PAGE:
What I dislike is A) the view from startup land that there are only two types of new businesses, "startups" and everything else ("lifestyle") B) and the "everything else" category is somehow inferior or even some sort of hobby or vanity project. Sahil used the term to describe his own company, and at one point felt shame about it, even though he had a real business with real customers and real revenue.
That's how twisted the mindset in startup land has become, where real business owners are supposed to feel shame, and "success" is based on as-yet unfulfilled promises and raising a round?
If he bootstrapped and reached 780k/mo after 8 years of work that would be a successful lifestyle business and he should be absolutely proud.
I'm absolutely not trying to be judgmental as I've succeeded and failed at businesses myself.
$65k is the gross profit, which appears to be before operating expenses are accounted for. He doesn't list the net profit in the tweet (as he does elsewhere in the post). In the other mention, net profit was just under 1/4 of gross profit. So he's probably netting somewhere around $15-25k/mo, depending on how much of his costs are fixed/variable. Still good, but considering how many millions went into the business, not great.
I find it difficult to call $10M/year a “lifestyle business.”
To me, lifestyle business means a business that can support the owner in their lifestyle. So unless the owner spends millions of dollars every year...
I think some of the disdain comes from legit growth startups trying to distance themselves from one-man "startups" that could be better categorized as micro-ISVs or side projects.
But there's definitely no shame to running a successful lifestyle business. The 37signals guys have been great at shifting that perspective.
I respect and admire pg as much as probably anybody on this board, but I still reject the idea that he has any particular standing to declare his subjective definition of "startup" to be "the" definition by fiat.
I would argue that "startup" actually refers to "businesses that are designed to grow big", where the speed at which you do so is mostly irrelevant. If one wants to raise VC money and tie themselves to that particular time-boxed constraint, that's great. But you can just as well do it "slow and steady" by focusing on early profitability and continually and incrementally reinvesting profits back into the company for growth.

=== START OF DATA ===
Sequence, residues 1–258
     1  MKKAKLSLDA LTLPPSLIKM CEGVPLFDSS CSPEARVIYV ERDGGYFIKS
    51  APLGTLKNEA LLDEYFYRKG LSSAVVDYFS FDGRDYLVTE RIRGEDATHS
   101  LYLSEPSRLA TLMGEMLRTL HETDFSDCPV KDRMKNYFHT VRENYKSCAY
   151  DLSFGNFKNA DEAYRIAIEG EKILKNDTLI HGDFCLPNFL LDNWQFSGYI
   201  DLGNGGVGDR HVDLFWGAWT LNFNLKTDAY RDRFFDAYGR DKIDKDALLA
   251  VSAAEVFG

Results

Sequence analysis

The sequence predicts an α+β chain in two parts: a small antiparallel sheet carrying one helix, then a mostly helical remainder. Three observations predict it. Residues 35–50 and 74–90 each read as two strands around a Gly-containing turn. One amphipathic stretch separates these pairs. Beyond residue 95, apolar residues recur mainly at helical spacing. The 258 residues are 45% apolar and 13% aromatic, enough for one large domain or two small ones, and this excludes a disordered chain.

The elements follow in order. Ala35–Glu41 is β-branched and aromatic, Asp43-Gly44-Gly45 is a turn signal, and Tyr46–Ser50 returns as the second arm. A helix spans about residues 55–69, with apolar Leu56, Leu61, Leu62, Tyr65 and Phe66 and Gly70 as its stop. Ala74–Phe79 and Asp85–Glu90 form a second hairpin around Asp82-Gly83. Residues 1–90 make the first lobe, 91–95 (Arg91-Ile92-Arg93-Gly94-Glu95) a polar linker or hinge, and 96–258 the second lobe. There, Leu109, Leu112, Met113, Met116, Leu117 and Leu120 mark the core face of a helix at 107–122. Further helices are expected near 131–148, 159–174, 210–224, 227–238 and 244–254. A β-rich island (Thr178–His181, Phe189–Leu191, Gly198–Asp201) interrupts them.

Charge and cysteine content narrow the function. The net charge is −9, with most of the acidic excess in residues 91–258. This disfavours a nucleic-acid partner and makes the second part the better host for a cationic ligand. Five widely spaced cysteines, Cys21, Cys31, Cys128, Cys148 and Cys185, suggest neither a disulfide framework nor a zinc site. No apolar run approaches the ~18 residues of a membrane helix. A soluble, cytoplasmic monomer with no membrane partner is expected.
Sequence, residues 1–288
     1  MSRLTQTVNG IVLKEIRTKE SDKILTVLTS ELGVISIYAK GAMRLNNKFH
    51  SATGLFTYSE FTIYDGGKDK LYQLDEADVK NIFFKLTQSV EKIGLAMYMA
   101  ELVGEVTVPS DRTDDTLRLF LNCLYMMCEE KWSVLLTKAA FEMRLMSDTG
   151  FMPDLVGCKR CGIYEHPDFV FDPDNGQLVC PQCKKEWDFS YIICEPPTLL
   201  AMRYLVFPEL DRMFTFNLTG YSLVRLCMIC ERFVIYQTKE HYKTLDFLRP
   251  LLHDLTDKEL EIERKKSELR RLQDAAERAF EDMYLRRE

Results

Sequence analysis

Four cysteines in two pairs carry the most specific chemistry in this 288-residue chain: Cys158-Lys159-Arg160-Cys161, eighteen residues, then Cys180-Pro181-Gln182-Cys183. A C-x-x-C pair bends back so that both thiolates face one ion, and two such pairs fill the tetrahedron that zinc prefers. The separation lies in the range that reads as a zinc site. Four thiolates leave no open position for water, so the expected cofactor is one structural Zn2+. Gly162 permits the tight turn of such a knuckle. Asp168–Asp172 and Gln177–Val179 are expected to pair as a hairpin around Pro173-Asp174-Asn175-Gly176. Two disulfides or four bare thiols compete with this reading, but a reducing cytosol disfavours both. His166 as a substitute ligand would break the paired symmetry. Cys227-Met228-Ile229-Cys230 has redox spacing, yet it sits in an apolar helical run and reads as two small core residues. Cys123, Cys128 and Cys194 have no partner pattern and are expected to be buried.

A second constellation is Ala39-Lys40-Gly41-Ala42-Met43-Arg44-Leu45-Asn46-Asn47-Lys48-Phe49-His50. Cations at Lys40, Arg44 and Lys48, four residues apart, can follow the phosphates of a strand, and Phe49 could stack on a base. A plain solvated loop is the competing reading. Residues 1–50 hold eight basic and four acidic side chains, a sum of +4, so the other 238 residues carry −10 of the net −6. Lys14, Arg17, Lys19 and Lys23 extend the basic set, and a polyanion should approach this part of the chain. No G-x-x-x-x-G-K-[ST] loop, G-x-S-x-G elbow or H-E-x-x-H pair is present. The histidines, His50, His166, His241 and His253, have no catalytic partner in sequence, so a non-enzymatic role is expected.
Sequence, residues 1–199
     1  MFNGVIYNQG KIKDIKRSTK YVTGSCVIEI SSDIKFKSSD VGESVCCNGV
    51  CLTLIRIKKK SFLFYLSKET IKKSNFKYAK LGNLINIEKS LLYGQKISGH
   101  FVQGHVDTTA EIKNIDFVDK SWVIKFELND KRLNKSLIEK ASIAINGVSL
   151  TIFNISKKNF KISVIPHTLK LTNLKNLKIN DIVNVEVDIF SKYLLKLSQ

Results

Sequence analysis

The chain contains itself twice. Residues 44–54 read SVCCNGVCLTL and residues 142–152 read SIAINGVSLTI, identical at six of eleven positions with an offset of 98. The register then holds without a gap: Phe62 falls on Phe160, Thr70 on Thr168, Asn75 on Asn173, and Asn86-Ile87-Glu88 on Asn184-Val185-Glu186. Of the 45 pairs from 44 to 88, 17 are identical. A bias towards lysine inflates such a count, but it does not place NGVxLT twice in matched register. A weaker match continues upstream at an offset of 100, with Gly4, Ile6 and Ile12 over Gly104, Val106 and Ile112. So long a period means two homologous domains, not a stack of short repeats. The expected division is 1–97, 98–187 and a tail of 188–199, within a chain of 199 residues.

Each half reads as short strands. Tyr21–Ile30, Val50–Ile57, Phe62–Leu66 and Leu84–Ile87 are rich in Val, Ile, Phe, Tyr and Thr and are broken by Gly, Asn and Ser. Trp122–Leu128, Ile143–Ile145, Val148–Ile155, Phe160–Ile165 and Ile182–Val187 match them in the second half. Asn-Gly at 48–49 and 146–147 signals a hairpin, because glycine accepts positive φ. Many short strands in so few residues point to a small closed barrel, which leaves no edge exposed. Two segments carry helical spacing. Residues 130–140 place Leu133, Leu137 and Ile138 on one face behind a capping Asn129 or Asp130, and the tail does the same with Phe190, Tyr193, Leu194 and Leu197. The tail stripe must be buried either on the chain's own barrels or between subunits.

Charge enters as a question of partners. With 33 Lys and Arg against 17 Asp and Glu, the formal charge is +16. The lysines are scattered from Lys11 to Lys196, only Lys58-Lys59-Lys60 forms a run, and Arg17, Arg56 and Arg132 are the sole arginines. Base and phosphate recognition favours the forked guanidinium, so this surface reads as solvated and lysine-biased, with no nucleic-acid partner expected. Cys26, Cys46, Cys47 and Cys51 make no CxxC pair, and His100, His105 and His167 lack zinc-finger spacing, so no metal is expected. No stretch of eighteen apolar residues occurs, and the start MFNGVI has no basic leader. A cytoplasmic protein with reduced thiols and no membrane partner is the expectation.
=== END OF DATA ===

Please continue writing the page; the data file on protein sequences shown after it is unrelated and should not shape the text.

Neither is "better" or "worse" than the other, except in context, just as with the quarter-horse/camel example.
Perhaps in the US, and probably in just a small part of the US. Everywhere else, a startup is just a new business.
While I realize people don’t always like to use constraining labels, limiting the word “startup” to businesses that are aggressively seeking a rocket-ship trajectory actually strikes me as a useful convention.
Are they, though?
I have looked at the incoming classes of various startup accelerators over the years and see lots of niche-focused products and services that can never grow to anything more than a niche-focused product or service as described in their pitch decks.
I'm not putting down those types of businesses (or proto-businesses). I'm just pointing out that they don't have a high-growth profile or potential, the primary dividing line between "startups" and everything else dubbed "lifestyle" in investor circles.
On HN, a "startup" is a moonshot backed by venture capital, and is seen as a failure if it doesn't achieve a massive valuation and take over the world. You read about businesses with "mere" million-dollar-plus revenues being shut down because they're "unsuccessful". It's insane.
I think it's funny, though, that non-tech industry leaders critiqued Bezos in the past for running a 'lifestyle business' when in fact Amazon was always a technology company and has become dominant and successful to boot.
> We kicked butt, had fun, didn't cheat, loved our customers and changed computing forever
... and in many ways, it seems like only a "lifestyle business" can really prioritize those over core revenue and growth metrics.
Bryan Cantrill's discussion is also great: https://www.youtube.com/watch?v=-zRN7XLCRhc&t=2000